DiMarzio, Inc. announces the Relentless P (DP299), the Relentless J Bridge (DP301), Relentless J Neck (DP300), and the Relentless J Pair (DP302) for 4 string basses.
DiMarzio, Inc. announces the release of the Relentless P (DP299), the Relentless J Bridge (DP301), Relentless J Neck (DP300), and the Relentless J Pair (DP302) for 4 string basses. The new Relentless P and Relentless J series pickups feature the Relentless cover designed in collaboration with Billy Sheehan.
As with the Relentless pickups, we removed all the hard edges from the standard P Bass and standard J Basspickups, and added an arch to the top of the pickups to bring the sensing coils and pole pieces closer to the strings. These improvements increase the dynamic range and make active circuitry unnecessary.
The Relentless P and Relentless J pickups incorporate Neodymium magnets and produce 70 percent more output than traditional passive pickups, and they’re dead quiet due to the incorporation of metal covers and foil-shielded cables. To dial in (or fine-tune) the individual string output, the Relentless P and Relentless J include eight adjustable pole pieces. These pickups also have a broad magnetic field so you can even bend notes without volume dropout.
DiMarzio’s extra shielding makes the Relentless P and Relentless J better for both recording and stage performances. We’ve mounted them onto robust .09375” thick circuit board base plates to eliminate the annoying protruding mounting screws — ultimately creating a more comfortable and consistent foundation to rest your fingers on.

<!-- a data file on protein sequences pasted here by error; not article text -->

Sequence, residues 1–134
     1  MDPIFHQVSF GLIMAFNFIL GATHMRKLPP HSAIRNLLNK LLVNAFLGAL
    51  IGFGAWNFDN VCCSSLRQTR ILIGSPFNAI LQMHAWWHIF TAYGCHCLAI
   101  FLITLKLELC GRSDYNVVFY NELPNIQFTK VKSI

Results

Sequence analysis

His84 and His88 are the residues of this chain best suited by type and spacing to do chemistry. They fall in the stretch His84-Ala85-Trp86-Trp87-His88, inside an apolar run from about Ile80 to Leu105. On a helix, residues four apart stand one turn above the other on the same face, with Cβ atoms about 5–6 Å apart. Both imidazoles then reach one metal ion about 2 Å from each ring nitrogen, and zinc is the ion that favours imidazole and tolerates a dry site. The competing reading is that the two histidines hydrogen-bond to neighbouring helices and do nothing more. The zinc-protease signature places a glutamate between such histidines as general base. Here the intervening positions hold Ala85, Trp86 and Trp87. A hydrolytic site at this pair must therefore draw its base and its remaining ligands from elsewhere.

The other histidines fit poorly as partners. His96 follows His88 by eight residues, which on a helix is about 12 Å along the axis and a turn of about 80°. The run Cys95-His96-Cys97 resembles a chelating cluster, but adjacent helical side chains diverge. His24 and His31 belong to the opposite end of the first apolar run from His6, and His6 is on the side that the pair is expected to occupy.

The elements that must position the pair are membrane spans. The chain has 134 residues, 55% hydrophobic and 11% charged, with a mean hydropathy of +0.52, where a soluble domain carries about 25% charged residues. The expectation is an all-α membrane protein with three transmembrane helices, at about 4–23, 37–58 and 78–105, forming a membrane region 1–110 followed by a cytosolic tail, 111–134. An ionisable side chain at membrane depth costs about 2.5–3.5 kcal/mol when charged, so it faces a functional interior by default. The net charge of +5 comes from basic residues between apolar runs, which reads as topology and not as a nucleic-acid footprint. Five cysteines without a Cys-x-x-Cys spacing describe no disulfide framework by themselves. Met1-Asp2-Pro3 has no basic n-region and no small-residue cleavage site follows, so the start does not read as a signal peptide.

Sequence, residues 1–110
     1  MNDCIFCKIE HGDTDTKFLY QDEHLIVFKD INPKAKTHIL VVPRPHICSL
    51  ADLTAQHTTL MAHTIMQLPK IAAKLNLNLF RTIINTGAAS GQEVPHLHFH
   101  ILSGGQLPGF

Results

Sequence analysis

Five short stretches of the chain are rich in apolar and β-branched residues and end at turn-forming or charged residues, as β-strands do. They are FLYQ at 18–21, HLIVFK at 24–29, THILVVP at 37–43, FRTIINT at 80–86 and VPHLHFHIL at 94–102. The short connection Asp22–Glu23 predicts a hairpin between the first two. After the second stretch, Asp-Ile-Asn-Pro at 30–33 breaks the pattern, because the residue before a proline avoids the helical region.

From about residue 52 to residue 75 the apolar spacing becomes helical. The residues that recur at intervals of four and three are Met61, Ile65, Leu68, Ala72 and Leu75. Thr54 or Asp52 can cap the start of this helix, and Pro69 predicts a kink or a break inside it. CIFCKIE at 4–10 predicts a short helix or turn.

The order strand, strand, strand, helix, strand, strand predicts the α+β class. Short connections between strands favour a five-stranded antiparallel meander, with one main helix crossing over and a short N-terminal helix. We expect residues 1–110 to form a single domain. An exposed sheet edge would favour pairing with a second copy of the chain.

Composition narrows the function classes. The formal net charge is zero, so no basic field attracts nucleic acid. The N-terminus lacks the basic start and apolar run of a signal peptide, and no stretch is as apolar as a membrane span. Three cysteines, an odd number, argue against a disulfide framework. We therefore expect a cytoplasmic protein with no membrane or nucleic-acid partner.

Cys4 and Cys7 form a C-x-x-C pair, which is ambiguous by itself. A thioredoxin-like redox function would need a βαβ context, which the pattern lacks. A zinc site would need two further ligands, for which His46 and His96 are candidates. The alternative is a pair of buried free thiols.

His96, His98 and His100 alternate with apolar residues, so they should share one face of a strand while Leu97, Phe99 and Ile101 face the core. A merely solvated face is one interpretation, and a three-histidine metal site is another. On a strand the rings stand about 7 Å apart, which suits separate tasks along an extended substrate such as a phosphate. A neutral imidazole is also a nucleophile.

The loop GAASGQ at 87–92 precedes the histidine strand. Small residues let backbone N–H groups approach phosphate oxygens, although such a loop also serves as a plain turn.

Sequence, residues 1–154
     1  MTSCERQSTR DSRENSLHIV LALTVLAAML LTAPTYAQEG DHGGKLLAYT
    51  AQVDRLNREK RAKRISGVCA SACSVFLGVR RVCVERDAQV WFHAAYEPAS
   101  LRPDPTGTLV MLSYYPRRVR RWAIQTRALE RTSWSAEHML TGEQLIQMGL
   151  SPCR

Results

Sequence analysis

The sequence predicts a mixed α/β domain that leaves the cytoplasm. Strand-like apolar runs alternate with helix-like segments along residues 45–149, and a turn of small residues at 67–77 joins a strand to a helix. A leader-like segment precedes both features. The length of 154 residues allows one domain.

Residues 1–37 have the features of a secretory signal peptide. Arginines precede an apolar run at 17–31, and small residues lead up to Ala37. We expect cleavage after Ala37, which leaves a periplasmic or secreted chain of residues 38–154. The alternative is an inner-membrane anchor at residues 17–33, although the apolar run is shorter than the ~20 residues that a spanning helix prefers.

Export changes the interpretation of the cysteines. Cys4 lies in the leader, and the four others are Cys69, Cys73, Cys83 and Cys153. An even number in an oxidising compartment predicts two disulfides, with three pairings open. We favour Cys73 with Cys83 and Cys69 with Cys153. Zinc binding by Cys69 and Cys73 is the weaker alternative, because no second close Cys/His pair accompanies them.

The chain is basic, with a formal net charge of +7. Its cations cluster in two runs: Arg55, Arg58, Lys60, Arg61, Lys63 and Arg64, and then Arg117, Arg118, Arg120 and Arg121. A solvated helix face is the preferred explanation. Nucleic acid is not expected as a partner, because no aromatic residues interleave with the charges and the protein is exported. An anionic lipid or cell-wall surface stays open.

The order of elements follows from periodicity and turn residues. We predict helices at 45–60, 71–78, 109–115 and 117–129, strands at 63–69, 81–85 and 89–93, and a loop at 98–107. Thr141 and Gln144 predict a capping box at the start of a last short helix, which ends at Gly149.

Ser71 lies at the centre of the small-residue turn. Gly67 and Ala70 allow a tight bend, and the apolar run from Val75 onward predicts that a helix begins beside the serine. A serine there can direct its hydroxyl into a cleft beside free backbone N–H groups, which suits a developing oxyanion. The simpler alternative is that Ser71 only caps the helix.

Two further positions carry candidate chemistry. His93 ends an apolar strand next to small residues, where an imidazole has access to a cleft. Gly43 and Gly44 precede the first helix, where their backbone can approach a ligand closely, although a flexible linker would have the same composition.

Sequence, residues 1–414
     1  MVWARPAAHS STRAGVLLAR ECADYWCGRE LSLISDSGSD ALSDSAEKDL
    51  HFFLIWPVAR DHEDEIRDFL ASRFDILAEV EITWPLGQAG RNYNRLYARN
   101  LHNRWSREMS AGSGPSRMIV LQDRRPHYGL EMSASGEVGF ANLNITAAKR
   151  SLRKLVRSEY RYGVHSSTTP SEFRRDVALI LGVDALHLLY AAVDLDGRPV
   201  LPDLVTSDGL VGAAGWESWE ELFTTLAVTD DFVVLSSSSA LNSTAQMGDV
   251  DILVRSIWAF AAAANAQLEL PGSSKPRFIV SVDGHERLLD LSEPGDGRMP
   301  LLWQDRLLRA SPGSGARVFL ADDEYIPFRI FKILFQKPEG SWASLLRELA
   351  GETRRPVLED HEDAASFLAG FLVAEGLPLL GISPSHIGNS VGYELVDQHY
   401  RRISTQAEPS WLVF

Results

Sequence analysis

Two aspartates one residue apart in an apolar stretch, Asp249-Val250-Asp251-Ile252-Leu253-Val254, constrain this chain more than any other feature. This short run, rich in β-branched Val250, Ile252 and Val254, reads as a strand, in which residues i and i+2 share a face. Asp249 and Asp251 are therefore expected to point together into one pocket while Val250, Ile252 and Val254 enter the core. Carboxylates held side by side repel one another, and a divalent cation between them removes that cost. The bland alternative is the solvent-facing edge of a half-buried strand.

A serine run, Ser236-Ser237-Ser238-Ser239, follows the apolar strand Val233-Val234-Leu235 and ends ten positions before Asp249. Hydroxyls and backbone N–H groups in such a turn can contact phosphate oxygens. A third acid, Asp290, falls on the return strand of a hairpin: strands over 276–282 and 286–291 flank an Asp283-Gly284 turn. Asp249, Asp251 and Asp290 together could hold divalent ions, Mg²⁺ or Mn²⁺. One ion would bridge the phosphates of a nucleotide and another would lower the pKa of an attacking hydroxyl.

The new Relentless P steps beyond the traditional P-Bass sound and can only be described as massive. It has more of everything: more volume, beefier lows, a growling midrange, and crispy highs with better individual string definition.
The Relentless J incorporates a new invention, (patent pending) parallelogram-shaped coils, offering an expanded mid-range punch, snappy highs, precise lows, and a new dimension to the sound of the Relentless series pickups.
Relentless P and Relentless J pickups will breathe new life into any bass, increase playability, and work well for any style of music from Motown to metal.
DiMarzio’s Relentless P, Relentless J Bridge, Relentless J Neck, and Relentless J pair are made in the U.S.A. and may now be ordered for immediate delivery.
Suggested List Price for the Relentless P is $169.00 (MAP $119.99).
Suggested List Price for the Relentless J Bridge and Relentless J neck is $155.00 (MAP $109.99).
Suggested List Price for the Relentless J Pair is $296.00 (MAP 209.99).
For more information, please visit our website at dimarzio.com.